Building a community campaign.
Building a campaign amongst staff.
What do Academies mean for school governors and Head teachers
Tim Crumpton, Shadow cabinet member, children’s services, Dudley Council
Nina Franklin NUT president
Hank Roberts, ATL senior vice president
Richard Hatcher, Professor of Education, Birmingham City University
Sarah Barton, Hands off Bourneville School
Organised by the Anti Academies Alliance
To register send your details to PO Box 14412, Birmingham, B11 9DZ
The combination of a forceful parents’ campaign and threat of united strike action by NASUWT and NUT members has resulted in the Bournville governors abandoning plans to convert to an Academy (at least for this school year). See below the letter from HOBS (Hands Off Bournville School).
The task now is to publicise their victory across the city so it can inspire staff and parents at other threatened schools to campaign in the same way.
Come and hear Sarah report on the Bournville campaign at the AAA Midlands regional conference on Novermber 12 in Birmingham – details here
Discuss this and other Academy and free schol issues at the next AABA meeting on Monday 31October at 6pm at the NASUWT offices, Ludgate Ct, Water St. We hope you will be able to come. (If you arrive late and the door is locked phone 07815 962157 and someone will come down and open it.)
Richard Hatcher On behalf of AABA
At the HOBS meeting last night we learnt that Governors have decided to abandon their Academy proposal for the rest of this academic year. Acting on the recommendation by the Headteacher Barbara Easton, Governors voted by an overwhelming majority to postpone consideration of Academy conversion until 31st August 2012. Further to this they agreed that any future re-consideration of Academy status will require a further period of full consultation. They decided that Academy conversion is not right for Bournville School at this time.
This is excellent news and I would like to thank you for your part in supporting the campaign. This result has been made possible, against the odds, by the combined efforts of concerned parents, members of the community and staff of Bournville School.
Our work is not over yet, we still need to ensure that the current application for Academy conversion is withdrawn and that the DfE’s Academy Order for Bournville School will no longer apply. I will continue to keep you updated of our progress on this. We will also be keeping a close eye on the local and national picture regarding Academy conversion, as we fully expect to be revisiting this issue next Autumn.
With thanks again for your support,
There are going to be 2 public meetings in the next couple of weeks about the plans by ARK to turn Kings Norton High School into an academy.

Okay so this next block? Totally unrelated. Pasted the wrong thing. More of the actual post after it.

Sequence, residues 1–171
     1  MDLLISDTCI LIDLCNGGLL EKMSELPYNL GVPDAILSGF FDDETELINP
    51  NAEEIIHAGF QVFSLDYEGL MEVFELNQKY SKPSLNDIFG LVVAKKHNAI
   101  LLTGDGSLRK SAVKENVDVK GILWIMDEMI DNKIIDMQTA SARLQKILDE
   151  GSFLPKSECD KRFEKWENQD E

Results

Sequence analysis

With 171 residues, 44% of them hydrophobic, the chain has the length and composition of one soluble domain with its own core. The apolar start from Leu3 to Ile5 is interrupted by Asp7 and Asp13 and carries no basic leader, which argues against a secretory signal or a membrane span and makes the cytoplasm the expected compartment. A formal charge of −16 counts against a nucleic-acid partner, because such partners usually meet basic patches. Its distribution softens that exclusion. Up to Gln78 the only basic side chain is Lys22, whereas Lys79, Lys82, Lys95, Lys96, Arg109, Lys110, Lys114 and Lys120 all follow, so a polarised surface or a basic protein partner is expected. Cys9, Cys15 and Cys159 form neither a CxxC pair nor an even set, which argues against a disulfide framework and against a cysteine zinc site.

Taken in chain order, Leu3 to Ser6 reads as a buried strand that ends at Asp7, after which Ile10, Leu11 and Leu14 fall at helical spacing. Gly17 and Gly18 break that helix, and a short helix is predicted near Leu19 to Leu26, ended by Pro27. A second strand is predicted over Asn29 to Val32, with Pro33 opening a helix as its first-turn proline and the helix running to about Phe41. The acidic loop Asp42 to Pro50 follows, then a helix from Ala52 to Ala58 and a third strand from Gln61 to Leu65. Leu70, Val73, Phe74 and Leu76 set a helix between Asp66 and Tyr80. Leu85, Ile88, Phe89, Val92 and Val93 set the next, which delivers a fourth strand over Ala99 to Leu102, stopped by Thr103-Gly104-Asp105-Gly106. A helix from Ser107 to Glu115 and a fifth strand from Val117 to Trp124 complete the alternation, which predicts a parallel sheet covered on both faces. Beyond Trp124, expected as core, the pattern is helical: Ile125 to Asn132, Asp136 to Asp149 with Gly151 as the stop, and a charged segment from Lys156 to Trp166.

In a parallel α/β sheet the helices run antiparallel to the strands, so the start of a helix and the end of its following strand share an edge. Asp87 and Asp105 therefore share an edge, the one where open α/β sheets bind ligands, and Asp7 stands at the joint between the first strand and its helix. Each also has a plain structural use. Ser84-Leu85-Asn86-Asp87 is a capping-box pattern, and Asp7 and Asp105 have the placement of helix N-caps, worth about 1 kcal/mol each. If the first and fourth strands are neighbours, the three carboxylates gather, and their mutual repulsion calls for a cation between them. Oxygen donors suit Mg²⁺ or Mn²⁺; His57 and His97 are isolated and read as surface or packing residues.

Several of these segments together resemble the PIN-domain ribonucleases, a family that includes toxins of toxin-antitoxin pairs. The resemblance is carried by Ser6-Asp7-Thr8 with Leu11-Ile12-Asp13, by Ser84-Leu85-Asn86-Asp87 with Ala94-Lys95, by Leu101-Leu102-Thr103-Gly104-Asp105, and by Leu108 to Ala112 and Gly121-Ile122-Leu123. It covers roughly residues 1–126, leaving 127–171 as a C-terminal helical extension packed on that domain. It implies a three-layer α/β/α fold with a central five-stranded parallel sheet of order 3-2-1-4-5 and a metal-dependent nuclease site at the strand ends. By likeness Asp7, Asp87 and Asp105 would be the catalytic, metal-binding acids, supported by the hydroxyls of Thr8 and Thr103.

According to the Anti Academies Alliance, ARK call themselves a ‘Philanthropic Cooperative’ but are an organisation run entirely by Hedge Fund managers. Hedge Funds are the finance companies which tipped the world into economic crisis in 2008. They make huge profits by gambling on market prices and they profit by driving down the value of bank shares. See the Anti Academies briefing, ‘Are Hedge Fund managers really the right people to be running our schools?’ at: http://www.antiacademies.org.uk.
[From NUT Briefing: http://www.teachers.org.uk/files/ARK-ACADEMIES-INFO.doc%5D
Details of the public meetings are:
Kings Norton High School, Shannon Road,Kings Norton,
Birmingham,West Midlands, B38 9DE
Thursday 6 October: 6pm – 7pm
Monday 10 October: 6pm – 7pm
A petition has been organised by parents and staff. Bob Whitehead, a local resident and activist with Stirchley and Cotteridge Against the Cuts wrote this article for the B31 Blog, which explains more about the campaign and why we should oppose academies.
No, for all the reasons [in this article], the Academy move is not a good idea. Parents should support their local school and keep it part of the local community and the community of schools in Birmingham. We are better off together than being hived off to private concerns. Harborne Hill School rejected ARK’s advances, so should Kings Norton High.
Hopefully, there will now be consultation and debate for the parents and community; something that will allow both sides of the argument to be put and a democratic decision taken afterwards.
There are too many reasons to simply reproduce them here – go and read the article to understand why academies in general and this one in particular should be opposed by parents, staff and students.
to get more involved with campaigns against academies in Birmingham, speak to Alliance against Birmingham Academies, c/o Birmingham NASUWT, Ludgate Court, 57 Water Street, Birmingham B3 1EP.
Upcoming event for AABA:
Next City Council Governors Forum meeting Monday 10 October 6.30
AABA will be leafletting this as usual but if you can go in and make your points please do – prior booking is essential, they say. (Check their website.) AABA leafletting from 5.30.